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‘We sympathise with the fact that Pakistan has had no international cricket for six years, but it’s a matter of grave concern that the advice of the experts is being overlooked.’

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Security is tight for Zimbabwe's trip to face Pakistan; in 2009 the Sri Lankan team bus was attacked in Lahore

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Pakistan is providing VIP security for their visitors, who will flank the team bus when it leaves the hotel

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Brian Vitori bats during a nets session on Wednesday

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Chris Mpofu stretches with a coach

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Brian Vitori bats during a nets session on Wednesday, as Chris Mpofu stretches with a coach

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Bvute said the 15 players in the party had volunteered to become the first test-playing team to land in Pakistan since 2009.

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‘Our players were offered the opportunity to voluntarily come to Pakistan,’ Bvute said. ‘They accepted, and that’s why we have a full-strength team.’

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Ahsan Raza will umpire Pakistan’s match against Zimbabwe, putting behind him the morning when he was shot twice in an attack that slammed the door closed on international cricket in Pakistan.

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The 2009 ambush on Sri Lanka’s team and match officials on their way to Lahore’s Gaddafi Stadium killed six and one of the bullets left Raza with a damaged lung.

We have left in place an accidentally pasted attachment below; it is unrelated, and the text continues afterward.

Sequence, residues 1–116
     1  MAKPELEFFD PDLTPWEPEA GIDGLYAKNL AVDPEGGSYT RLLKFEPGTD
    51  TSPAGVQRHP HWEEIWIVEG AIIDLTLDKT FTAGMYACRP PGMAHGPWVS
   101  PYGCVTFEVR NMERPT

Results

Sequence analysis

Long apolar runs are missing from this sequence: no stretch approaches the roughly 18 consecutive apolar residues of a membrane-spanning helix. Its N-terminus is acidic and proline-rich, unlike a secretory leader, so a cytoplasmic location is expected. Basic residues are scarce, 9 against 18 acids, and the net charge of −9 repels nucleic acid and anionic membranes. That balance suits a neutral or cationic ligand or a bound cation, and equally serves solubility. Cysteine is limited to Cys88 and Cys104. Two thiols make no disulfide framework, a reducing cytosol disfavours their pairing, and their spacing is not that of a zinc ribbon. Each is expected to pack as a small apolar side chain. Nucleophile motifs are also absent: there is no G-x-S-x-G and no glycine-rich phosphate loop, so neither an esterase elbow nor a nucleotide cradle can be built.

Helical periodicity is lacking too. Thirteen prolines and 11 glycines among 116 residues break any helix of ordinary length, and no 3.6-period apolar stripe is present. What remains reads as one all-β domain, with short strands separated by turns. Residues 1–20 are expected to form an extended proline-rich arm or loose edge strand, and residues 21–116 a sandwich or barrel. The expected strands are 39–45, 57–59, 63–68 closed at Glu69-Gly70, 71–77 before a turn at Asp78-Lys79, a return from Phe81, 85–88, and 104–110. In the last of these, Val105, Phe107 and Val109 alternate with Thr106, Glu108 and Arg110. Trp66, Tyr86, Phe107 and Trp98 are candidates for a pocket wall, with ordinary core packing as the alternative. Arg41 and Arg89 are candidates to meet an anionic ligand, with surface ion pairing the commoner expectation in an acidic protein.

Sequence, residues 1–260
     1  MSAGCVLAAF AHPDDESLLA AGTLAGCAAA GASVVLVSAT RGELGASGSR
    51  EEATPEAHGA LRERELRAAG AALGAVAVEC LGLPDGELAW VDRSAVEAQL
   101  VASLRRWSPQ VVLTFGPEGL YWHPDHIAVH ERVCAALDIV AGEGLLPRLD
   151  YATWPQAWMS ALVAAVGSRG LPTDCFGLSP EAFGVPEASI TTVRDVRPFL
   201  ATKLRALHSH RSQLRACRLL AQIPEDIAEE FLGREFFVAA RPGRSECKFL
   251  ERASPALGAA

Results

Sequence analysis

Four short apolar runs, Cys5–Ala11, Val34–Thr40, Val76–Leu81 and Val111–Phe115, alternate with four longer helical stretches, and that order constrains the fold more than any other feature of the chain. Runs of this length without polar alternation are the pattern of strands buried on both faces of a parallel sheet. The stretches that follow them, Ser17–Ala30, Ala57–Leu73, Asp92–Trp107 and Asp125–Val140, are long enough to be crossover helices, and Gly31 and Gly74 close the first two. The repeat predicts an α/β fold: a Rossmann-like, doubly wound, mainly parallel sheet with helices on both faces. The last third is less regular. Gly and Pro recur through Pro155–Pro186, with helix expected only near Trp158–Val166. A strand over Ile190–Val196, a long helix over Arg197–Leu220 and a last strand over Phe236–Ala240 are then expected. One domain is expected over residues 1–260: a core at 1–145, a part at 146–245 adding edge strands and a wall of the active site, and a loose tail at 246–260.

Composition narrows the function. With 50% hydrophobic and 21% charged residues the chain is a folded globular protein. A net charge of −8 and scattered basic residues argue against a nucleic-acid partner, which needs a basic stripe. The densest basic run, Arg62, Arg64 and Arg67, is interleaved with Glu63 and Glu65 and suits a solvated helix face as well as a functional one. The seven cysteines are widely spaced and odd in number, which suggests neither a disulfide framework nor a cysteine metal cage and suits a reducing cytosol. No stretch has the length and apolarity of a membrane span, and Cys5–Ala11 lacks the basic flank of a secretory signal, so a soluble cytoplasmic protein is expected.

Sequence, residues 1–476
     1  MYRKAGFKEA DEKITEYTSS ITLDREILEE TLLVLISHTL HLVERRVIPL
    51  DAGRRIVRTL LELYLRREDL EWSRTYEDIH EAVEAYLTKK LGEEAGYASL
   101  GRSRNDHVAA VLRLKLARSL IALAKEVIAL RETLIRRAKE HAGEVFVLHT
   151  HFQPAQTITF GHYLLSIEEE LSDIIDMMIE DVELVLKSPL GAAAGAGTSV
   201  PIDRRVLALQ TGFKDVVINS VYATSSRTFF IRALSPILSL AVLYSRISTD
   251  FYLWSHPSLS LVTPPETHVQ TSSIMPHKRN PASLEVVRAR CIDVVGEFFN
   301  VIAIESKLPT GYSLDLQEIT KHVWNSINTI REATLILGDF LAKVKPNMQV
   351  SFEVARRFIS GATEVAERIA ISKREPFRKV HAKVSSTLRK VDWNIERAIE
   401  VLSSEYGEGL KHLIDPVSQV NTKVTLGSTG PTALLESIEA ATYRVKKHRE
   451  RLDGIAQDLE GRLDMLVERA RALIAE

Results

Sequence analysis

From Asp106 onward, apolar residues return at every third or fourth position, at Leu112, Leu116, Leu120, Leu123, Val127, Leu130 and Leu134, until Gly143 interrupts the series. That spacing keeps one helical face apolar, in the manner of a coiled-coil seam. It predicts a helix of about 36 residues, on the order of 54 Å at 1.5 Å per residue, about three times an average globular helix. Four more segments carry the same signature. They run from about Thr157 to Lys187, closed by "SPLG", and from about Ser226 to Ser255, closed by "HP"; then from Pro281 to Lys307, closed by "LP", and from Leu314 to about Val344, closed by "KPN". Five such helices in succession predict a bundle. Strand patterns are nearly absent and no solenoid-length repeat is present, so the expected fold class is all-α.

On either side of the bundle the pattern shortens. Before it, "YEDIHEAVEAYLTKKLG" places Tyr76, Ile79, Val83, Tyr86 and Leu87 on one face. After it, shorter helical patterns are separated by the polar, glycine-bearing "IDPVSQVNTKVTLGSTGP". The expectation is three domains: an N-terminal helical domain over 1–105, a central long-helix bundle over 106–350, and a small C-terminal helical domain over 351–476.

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‘I don’t want to look back and recall what happened six years ago, it was dreadful,’ Raza said on Wednesday. ‘It was not easy (to recover) with so many stitches all around my stomach and one of the bullets even damaged my right lung.’

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Pakistan players also took part in a practice session at the Gaddafi Stadium on Wednesday

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Ahsan Raza will umpire the match, putting behind him the attack in which he was shot twice in 2009

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He has officiated in a number of Pakistan’s international matches in the United Arab Emirates over the last five years after the Gulf country became Pakistan’s ‘home’ venue.

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But Zimbabwe will revive international cricket in Pakistan on Friday when the limited-overs series begin with the first Twenty20 game.

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The ICC has declined to send its match officials for the series in Pakistan on the security advice of its own experts, although the games will have formal international status.

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Raza has been chosen by the Pakistan Cricket Board to officiate as an on-field umpire in two Twenty20s and in one of the three one-day internationals.

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‘It’s never easy to convince people (to come to Pakistan), but I am happy to live with my family in my own country,’ Raza said. ‘I’m really feeling proud to be part of the series and the credit goes to the PCB, which worked hard to convince Zimbabwe.’

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And Raza hopes Pakistan will succeed in showing the world that his country is once again safe to organize international matches, despite fears that terrorists will seek to take advantage of attacking a foreign sports team again.

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‘We have waited for this event for six years and I hope many more teams will come after this series,’ he said. -Daily Mail